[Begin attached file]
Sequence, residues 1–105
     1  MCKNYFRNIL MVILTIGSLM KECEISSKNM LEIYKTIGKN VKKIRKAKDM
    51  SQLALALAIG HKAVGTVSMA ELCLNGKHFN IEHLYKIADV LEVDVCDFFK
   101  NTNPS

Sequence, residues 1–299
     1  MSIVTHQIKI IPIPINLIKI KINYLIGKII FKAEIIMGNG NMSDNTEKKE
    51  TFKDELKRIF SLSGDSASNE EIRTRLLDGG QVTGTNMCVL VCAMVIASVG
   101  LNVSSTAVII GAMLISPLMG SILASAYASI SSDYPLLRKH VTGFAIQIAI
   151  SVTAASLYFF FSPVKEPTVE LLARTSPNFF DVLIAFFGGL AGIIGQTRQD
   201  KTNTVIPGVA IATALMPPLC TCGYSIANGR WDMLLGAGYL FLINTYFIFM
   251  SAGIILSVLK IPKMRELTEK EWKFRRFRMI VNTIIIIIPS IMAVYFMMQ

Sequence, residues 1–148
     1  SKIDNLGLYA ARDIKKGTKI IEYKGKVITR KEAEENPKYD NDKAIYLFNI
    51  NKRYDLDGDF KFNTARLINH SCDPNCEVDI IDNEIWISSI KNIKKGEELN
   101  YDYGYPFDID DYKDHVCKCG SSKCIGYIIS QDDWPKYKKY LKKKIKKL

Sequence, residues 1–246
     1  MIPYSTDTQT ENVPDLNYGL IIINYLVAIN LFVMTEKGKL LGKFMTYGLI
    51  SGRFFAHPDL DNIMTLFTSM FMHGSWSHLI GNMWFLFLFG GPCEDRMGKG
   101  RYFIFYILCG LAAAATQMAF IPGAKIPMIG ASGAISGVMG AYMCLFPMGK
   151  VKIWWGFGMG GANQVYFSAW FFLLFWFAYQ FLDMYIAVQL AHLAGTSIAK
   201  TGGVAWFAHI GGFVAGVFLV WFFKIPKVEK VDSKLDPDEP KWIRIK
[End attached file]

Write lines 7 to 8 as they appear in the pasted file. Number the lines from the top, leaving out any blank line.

    51  TFKDELKRIF SLSGDSASNE EIRTRLLDGG QVTGTNMCVL VCAMVIASVG
   101  LNVSSTAVII GAMLISPLMG SILASAYASI SSDYPLLRKH VTGFAIQIAI